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Stickering it to the man: Airbnb packs SF City Hall for public meeting on home sharing law

April 25, 2015

By : pando – excerpt

The battle lines were clearly marked as the overflow crowd filled San Francisco City Hall on Thursday evening. The city’s Planning Commission were to consider three amendments to the ‘Airbnb law‘ which regulates the operation of “home sharing” companies. Supporters on both sides had been busy handing out stickers…

The session lasted ten full hours, seven of them devoted to the short term rental issue. Commission President Rodney Fong’s quaffed silver mop presided over the hubbub without sign of wilting.
First to speak were Supervisors Jane Kim, David Campos and Mark Farrell, the respective authors of the amendments under consideration.

Kim spoke first, making her case for expanding the public’s right of action in short-term rental matters, allowing neighbors and qualified non-profits to bring civil proceedings against wayward Airbnb hosts…
Next, Campos and Farrell took turns representing either side of the yawning political schism that cleaves all talk of Airbnb at City Hall…

After that, the Supervisors filed out. A Planning Department representative presented his organization’s modified recommendations, and a hired academic researcher gave brief testimony about a report he’s drafted, using the admittedly limited dataset about Airbnb listings which he was able to cull from the open web. Then the floor gave way to three hours of public comment.

The audience participation section of the hearing gave the clearest look at the sort of disruptive innovation that brought hundreds of San Franciscans to vast granite mausoleum of City Hall on a sunny Thursday afternoon in the first place…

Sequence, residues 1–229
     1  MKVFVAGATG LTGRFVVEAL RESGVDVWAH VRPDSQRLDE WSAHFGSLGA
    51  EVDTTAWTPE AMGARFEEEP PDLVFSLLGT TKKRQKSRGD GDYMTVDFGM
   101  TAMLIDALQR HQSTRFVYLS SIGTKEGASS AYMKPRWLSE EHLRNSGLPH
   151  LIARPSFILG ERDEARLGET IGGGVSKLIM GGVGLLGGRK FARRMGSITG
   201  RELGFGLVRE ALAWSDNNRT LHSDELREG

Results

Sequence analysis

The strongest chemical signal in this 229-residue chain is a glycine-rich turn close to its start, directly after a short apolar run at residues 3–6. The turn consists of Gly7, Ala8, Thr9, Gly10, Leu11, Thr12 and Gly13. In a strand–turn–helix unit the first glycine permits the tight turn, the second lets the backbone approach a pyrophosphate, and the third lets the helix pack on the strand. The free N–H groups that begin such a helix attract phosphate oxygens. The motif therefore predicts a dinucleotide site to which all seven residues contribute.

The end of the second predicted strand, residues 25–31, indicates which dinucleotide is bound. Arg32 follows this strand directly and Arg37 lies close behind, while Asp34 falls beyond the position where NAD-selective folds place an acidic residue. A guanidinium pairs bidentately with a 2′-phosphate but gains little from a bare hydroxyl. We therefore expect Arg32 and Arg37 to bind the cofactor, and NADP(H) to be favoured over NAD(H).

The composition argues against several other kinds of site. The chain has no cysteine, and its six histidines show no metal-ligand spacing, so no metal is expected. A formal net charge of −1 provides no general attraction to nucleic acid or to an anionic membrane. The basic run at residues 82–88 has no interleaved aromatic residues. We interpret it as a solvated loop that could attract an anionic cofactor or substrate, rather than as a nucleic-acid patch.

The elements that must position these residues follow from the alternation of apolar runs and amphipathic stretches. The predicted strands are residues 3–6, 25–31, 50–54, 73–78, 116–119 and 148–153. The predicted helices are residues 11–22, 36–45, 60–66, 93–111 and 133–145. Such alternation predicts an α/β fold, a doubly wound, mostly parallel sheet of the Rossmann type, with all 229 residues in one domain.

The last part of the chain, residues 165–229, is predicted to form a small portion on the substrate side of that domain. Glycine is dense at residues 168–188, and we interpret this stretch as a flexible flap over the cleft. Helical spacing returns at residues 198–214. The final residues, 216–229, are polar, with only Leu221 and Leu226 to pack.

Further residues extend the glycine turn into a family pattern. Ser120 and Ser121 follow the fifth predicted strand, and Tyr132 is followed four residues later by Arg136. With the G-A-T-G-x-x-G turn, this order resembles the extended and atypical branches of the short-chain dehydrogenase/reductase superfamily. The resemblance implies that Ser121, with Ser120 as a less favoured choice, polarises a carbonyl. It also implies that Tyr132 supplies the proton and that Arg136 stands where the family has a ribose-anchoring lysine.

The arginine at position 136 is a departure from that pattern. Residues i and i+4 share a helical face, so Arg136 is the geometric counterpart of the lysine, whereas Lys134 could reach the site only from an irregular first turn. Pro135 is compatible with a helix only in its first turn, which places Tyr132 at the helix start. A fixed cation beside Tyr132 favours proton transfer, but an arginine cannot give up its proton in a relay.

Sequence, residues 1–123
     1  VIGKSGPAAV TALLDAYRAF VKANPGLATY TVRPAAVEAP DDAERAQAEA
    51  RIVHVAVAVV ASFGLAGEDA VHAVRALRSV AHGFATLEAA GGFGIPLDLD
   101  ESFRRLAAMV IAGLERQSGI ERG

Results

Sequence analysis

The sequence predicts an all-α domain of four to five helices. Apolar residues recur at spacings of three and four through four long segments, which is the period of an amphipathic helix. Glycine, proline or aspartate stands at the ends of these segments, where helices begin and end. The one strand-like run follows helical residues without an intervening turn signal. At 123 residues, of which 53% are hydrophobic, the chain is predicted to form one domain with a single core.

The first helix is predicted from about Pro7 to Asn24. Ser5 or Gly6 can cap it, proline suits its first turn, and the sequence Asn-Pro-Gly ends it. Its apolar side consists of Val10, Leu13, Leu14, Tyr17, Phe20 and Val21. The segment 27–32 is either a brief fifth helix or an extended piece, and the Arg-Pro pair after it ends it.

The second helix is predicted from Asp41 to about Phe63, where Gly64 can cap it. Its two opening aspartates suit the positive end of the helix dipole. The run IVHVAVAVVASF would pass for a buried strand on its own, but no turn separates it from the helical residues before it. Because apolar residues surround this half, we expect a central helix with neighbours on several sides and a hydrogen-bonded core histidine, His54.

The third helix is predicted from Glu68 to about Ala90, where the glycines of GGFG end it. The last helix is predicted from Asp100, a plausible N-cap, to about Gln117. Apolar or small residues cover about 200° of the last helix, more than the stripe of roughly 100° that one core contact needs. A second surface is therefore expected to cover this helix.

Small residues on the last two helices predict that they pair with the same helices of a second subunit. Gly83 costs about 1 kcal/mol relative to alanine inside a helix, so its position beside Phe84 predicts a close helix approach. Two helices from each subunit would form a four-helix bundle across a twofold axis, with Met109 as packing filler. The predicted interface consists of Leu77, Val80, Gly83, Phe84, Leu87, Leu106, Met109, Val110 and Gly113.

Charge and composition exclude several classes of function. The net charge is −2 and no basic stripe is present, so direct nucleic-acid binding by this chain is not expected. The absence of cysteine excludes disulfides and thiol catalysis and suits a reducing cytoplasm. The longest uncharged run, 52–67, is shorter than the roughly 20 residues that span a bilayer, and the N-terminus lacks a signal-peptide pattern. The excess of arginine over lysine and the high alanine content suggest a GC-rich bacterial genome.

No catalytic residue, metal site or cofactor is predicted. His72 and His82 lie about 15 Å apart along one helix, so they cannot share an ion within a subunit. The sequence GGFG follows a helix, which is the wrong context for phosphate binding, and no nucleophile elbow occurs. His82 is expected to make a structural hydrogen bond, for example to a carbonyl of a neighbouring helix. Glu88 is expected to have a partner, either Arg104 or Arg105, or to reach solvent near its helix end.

By 10pm the Planning Commission arrived at its final recommendations:  A 120-day cap; expanded public right of action, and support for the Mayor’s proposed “one-stop shop” for Airbnb regulation — the Office of Short Term Residential Rental Registration and Enforcement. So add the OSTR3E to the official glossary of City acronyms…

The strictest and most onerous rule recommended by the commission is a requirement that any rental listing offered for less than 30 days must have a registry number verified by the platform against the City’s database, as part of every transaction. The Commission voted 4-3 in favor of the ordinance, which was strenuously opposed by Airbnb’s Regional Head of Public Policy David Owen, who provided testimony and answered questions from the commission. No other short-term rental/sharing platform openly sent a soul…

At the end of the day, the Planning Commission officially recommended, in accord with the Planning Department’s advice and against that of the Mayor, Supervisor Farrell, and Airbnb, that hosting platforms only list registered units. Boom. Though nobody wants to run against Ed Lee for Mayor this fall, he’s catching some powerful opposition here and there. First Rose Pak, then Airbnb and now Planning?

The commission was less obstreperous on other items. Platforms still won’t have to provide the full compliment of data the Planning Department asked for in March before changing its mind. Hosting platforms won’t be subject to the same public rights of action that their hosts are. In fact, if the commission’s guidance prevails, hosts would assume the full burden and risks of regulatory compliance. Meanwhile, Airbnb would continue to “voluntarily” pay the hotel tax on their behalf…(more)

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